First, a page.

July 25, 2020
“If you know the enemy and know yourself you need not fear the results of a hundred battles.” - Sun Tzu (544-496 BC), Chinese General, military strategist, writer and philosopher.
China apparently knows about itself and about its enemies and has set an expansionist program not only in its relationship with India but also with other nations. Sun’s dictum apparently applies beyond war and covers trade as well. India, which has suffered because of China’s expansionist, aggressive stance, is thinking and talking about boycott of Chinese goods, technology and services. Before we go into the boycott proposal, a brief reference to the current level of mutual trade and technology aspects is relevant.
According to media reports, Dedicated Freight Corridor Corporation of India, a Ministry of Railways PSU, has terminated a contract for signalling and telecom equipment awarded to Beijing National Railway and Research Group – valued at Rs 471 crores. India is also barring China from tendering for projects involving telecom. The sentiment of “Boycott Chinese Goods” is running high.
China is the second largest trading partner of India, after USA, with bilateral trade between April to December 2019 totalling $ 64.96 billion. While India’s exports were just 3%, imports from China continued to rise from 13.7 per cent in 2018/19 to 14.1 per cent in 2019/20.The import range includes everything from toys and engineering goods, electronics and pharma intermediates. 70% of India’s imports of active pharma ingredients, from which various final formulations are made, come from China. This may hold good if and when India mass-manufactures vaccine for Corona-19.
Come August 3, riding high on anti-China sentiments, an array of Sangh Parivar members have begun efforts to make this year's Rakhi a "China-less”, Swadeshi affair. "This year's Rakhi will be much more Swadeshi than past years. This year, (after the India-China border tensions), you won''t find persons who will advocate buying a Chinese Rakhi. “We have got 13 lakh people to sign our online forms supporting Swadeshi", claimed Swadeshi Jagran Manch. It said that to match the growing demand for domestic products, many Indian manufacturers have stepped up their production. It added that this year's response will determine whether Indian Rakhi makers can bet on going full throttle next year. .
In the multi-pronged efforts, India's traders association has come forward to ensure that this year, markets are flooded with local Rakhis. Confederation of All India Traders has asked all its state units to prepare a list of all Rakhi makers, data pertaining to local demand and supply ratio to ensure that their surplus products can be sent to other states where there is a growing demand.
Prime Minister Narendra Modi has given a call to 1.3 billion Indians to be "vocal for local" - suggesting that they should not only use domestic products but also promote them.
Looking at the supply side, manufacturing these toys would be made by poor families in China whose low-wage income would dry up if their products are boycotted by importers like in the current case of India boycotting Rakhies, toys, fire-crackers, decorative lanterns (good-deepas) and even images of Lord Ganesh. In other words, the poor in India and China will suffer the most.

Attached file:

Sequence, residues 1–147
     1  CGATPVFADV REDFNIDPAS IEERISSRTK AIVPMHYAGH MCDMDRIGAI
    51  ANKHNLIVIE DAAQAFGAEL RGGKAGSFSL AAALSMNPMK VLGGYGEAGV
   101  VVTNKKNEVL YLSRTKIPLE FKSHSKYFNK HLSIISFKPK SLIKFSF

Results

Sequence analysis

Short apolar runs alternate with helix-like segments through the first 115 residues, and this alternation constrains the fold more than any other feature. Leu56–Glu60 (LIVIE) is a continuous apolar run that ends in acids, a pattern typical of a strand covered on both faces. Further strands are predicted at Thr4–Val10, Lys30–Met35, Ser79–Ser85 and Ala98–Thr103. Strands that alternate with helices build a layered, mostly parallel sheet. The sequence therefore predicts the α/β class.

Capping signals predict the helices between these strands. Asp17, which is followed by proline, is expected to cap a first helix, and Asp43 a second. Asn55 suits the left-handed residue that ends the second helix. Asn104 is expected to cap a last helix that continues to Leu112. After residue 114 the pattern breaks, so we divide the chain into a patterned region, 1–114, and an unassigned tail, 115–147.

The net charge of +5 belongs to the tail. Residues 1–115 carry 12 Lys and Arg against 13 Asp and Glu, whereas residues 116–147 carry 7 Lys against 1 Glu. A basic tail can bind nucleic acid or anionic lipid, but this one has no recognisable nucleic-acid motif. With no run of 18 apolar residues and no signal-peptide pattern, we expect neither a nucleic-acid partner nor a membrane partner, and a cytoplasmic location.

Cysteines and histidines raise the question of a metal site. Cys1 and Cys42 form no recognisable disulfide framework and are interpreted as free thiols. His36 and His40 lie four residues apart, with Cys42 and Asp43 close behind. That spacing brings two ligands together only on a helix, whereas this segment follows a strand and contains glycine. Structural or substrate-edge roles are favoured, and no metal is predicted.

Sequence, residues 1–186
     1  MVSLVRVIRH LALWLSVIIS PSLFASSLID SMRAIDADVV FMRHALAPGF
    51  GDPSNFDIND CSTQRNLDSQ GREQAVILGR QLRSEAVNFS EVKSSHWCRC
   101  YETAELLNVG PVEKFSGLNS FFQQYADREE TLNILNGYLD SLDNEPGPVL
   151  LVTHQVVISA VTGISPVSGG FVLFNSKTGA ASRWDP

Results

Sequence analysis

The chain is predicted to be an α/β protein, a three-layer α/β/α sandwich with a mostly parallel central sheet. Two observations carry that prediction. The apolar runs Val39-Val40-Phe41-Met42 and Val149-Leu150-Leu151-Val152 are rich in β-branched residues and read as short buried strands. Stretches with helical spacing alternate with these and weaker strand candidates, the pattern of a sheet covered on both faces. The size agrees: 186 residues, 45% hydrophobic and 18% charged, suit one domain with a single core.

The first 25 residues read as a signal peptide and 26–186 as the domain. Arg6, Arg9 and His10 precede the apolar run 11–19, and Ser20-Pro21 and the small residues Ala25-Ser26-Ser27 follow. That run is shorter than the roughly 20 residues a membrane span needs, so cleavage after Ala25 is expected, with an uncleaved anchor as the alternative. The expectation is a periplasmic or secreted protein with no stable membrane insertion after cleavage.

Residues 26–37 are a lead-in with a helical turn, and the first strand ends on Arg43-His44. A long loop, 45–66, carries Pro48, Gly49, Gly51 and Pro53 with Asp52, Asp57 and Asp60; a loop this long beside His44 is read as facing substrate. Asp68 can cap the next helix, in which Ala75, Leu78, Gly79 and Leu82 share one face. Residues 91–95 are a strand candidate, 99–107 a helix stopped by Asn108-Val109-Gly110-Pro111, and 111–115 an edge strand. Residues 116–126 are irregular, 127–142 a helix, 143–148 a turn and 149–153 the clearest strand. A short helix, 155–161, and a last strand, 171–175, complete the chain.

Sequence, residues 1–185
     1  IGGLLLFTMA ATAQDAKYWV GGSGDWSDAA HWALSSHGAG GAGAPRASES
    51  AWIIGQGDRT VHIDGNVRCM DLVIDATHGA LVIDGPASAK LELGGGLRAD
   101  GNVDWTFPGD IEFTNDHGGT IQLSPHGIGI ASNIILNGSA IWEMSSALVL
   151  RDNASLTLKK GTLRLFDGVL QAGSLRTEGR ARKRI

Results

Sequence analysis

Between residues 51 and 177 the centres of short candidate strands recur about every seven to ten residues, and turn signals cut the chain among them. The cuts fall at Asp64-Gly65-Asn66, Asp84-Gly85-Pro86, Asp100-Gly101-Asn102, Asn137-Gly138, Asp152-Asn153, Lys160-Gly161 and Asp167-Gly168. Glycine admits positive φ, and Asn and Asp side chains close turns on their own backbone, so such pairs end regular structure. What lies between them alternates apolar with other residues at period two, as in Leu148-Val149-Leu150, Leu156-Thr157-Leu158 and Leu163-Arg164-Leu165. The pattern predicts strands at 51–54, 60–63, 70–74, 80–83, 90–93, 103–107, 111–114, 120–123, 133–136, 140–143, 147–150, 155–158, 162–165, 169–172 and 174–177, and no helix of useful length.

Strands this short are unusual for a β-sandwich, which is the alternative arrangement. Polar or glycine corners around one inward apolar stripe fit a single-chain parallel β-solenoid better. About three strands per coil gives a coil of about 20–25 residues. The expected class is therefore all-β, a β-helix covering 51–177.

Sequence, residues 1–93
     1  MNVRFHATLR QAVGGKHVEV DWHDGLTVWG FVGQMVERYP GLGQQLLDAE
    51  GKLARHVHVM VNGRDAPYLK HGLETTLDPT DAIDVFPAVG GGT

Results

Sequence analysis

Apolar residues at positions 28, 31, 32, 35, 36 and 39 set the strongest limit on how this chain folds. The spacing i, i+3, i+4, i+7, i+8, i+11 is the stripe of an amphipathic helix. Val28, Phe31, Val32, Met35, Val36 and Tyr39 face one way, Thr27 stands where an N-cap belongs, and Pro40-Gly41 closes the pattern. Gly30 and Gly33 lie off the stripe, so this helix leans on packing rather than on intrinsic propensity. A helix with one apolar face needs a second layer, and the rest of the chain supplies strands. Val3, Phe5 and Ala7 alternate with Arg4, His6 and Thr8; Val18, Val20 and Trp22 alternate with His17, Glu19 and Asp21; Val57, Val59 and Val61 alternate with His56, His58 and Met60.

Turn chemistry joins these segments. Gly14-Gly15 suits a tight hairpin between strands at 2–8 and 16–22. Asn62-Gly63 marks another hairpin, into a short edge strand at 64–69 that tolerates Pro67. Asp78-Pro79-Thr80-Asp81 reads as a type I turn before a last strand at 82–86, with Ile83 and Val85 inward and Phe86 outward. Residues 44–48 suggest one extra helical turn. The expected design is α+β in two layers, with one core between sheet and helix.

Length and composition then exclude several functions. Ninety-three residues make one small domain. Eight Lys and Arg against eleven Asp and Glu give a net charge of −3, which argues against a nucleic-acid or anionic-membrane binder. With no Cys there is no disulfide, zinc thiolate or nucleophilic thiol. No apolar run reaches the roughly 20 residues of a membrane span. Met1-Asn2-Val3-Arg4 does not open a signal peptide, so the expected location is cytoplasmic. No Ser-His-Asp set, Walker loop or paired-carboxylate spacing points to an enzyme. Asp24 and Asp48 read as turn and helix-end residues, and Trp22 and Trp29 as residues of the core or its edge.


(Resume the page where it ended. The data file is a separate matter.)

I conclude with a folk tale. Two fishermen were manning a boat venturing into the sea for fishing. They were angry with each other on some matter. While away from the shore the elder fisherman saw his younger companion boring a hole in the bottom of the boat. The alarmed elder said: “What are you doing?” The youngster replied: “I am boring a hole only under my seat”. The elder responded: “We are sailing in the same boat”.
When two elephants are fighting, the ants are crushed under their feet. That is the potential situation we are in - the poor both in India and China hit the most.
The subject is open to many views. What are yours? Pleas post your response, preferably within four days, in the format given at the end of this topic-essay. Over to you.
My Tryst with Toys
I would crave the indulgence of readers to relate briefly my tryst with toys and more specifically Chinese toys.
As a resident of Mumbai’s up-market area I used to take (circa 1979/80) my 9/10 years old daughter for walk along Colaba Causway with showrooms displaying, among others, expensive toys such as dolls. Perhaps sensing my financial weakness, she never asked for those tempting toys.
About three years ago I started Johnlyn Toy Exchange to collect toys from those who no longer needed them, and in presentable condition, to present them to toy-deprived children in orphanages, Bala/Balika ashrams, etc, with hampers of toys and playthings to keep for themselves. Their joy on receiving their personal hampers is deeply imprinted in me and motivates me to continue this mission.
I had specially designed heavy-duty cardboard drop-boxes, with posters pasted on them, and placed them in churches, temples and schools with rewarding returns. In one such temple, in the suburbs of Mangaluru, the manager accepted to host the drop-box. After a fortnight he telephoned me to say that the box was overflowing and I should collect the toys. When I went there he pointed out to a toy shop in the temple complex and directed me there. Indeed the drop-box was overflowing and I emptied the contents into a large gunny-sack. The shop owner promised that in a fortnight another lot of toys would be ready.
On reaching home, I emptied the sack. Its contents were a variety of Chinese toys. Apparently what I got were unsaleable “rejects”. Chinese toys come cheap considering they can make a profit despite such large “rejects”. Whether at the temple complex or toy-selling shops in small towns and big cities, the main customers for Chinese toys are poor people.
(Those interested in donating toys, please Google ‘Johnlyn Toys’ or mobile me on 98862 76608)